Though the days of summer are clearly behind us, the campaign season is blazing with a white-hot intensity. The Republicans are anxious about getting politically burned, as the forecasts for a Democratic heat wave that retakes the House of Representatives seem plausible. In the wake of the Duke Cunningham and Jack Abramoff scandals, Americans heard many voices, both on and off Capitol Hill, calling for measures to curb abuses of the federal budget. With only a few weeks of lame-duck session left in the 109th Congress, how have the reformers fared? Equally important, what are the implications for the upcoming elections?
The initial attempt to change course began in May when the Senate included in its sweeping lobbying reform bill a provision to address the wasteful practice of adding special-interest earmarks to tax and spending bills. This would have changed Senate rules to authorize a parliamentary point of order (i.e., an objection to proceed) against any earmark found in House-Senate compromise bills—known as conference reports—that did not also appear in the original legislation. Though it represented a good preliminary move, this rule change ultimately went nowhere as the House and Senate did not agree on a lobbying reform bill before they recessed.
In a bid to perhaps reverse their political fortunes for the upcoming mid-term elections, the House GOP leadership recently pushed through a rule change of their own, one that could outflank Democrats on the issue of fiscal responsibility. The new rule requires a list of earmarks and their sponsors in appropriations bills as well as conference reports, so as to curtail the frequency of anonymous spending requests that aid a special interest in a district. If they are not revealed, any member of Congress could lodge a procedural objection to prevent their inclusion. This change will lead to greater transparency in the appropriations process.
However, the ultimate impact may be less impressive. Only one appropriations measure, the yet-to-be-finalized Labor-HHS-Education bill, will be subject to the House rule requiring a listing of its pork-laden contents. In addition, the rule change does not apply equally to tax and authorizing bills. Only tax breaks that benefit a single entity will be considered—earmarks—that need to be identified, leaving out many provisions that favor a select few. Lower taxes for anyone may be more desirable than pork-barrel spending, but such narrow provisions slow the momentum for across-the-board tax relief that would do our economy the most good. And finally, the large number of supposedly non-controversial bills that are considered—under suspension of the rules—would not have to furnish lists of earmarks and sponsors at all.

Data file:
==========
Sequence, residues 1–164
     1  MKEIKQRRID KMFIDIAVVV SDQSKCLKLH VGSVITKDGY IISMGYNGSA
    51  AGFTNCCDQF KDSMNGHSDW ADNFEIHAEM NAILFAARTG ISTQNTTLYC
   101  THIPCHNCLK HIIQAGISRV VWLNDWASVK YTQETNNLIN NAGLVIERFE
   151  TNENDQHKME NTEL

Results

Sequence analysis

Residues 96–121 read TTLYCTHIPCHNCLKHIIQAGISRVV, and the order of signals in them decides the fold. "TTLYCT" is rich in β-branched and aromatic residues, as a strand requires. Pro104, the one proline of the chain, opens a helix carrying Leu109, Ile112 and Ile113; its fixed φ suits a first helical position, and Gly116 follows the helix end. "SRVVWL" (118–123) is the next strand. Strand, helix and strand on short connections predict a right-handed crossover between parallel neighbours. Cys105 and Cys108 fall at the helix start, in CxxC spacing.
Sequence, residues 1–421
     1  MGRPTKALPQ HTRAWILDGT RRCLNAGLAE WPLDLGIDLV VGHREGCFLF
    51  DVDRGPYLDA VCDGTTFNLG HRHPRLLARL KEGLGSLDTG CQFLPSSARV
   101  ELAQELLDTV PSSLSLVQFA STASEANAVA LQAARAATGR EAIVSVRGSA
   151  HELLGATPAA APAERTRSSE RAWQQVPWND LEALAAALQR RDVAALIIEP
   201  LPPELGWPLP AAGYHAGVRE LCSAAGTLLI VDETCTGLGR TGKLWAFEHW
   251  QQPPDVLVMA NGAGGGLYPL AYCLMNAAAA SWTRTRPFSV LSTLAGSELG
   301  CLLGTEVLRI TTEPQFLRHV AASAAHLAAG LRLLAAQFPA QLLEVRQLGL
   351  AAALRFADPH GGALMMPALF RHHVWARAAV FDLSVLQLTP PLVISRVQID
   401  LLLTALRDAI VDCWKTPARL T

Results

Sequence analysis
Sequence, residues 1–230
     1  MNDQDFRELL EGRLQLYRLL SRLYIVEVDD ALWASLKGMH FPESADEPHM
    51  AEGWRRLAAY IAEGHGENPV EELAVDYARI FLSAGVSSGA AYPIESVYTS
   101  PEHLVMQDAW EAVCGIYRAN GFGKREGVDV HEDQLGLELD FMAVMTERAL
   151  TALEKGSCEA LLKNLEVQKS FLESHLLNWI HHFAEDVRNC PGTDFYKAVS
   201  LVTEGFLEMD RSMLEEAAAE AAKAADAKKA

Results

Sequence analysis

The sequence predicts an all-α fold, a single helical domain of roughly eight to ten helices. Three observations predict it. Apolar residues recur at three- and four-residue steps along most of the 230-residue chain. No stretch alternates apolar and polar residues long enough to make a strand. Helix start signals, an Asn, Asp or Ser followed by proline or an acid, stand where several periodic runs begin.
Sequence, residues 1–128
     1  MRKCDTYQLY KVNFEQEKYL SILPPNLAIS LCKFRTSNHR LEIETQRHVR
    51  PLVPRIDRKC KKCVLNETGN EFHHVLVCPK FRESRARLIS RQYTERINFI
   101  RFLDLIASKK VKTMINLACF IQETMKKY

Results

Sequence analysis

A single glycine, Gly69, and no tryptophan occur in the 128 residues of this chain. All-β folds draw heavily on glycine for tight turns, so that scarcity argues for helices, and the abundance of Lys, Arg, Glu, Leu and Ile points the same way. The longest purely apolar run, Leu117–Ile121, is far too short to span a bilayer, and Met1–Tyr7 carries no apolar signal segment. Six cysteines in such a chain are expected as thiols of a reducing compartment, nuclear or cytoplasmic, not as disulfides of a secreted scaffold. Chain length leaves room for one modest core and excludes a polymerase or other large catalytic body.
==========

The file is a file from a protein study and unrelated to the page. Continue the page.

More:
Though the rule change is not perfect, it does amount to a positive step in the direction of true reform. However, further action is needed to truly protect taxpayers’ wallets from predatory earmarks. Perhaps the most proactive approach for Congress would be to adopt a proposal by Sen. Tom Coburn (R.-Okla.) that would require debate and a vote on every single earmarked project.
A thorough deliberation of individual earmarks would expose the major abuses of pork-barrel politics. Members often vote in favor of collective appropriations packages that contain only a few earmarks they would support. With Senator Coburn’s plan in place, Members could reject superfluous spending measures, funding only the projects deemed most necessary. If Congress spends less money, the number of opportunities for lobbyists to take part in influence peddling would diminish.
When Congress returns to session after the November elections, leadership in both Houses should bring up strong, substantive earmark reform packages. For those Members of Congress who survive the tough election, voting for equally tough legislation could prove to taxpayers that there’s more to reform than just rhetoric. They must embark on a serious campaign that aims to shake up not just the system but also the mentality of the lawmakers who have abused it so readily in recent years.
Conservatives were cheered when the House followed through (however imperfectly) on the speaker’s and majority leader’s promise to enact limited safeguards against earmarking. If Republicans commit now to enacting additional, serious changes to the earmarking process, they just might convince American taxpayers that such a campaign is more than mere pageantry. As a result, GOP leaders would be helping to extinguish the flames of voter discontent with the party’s establishment.
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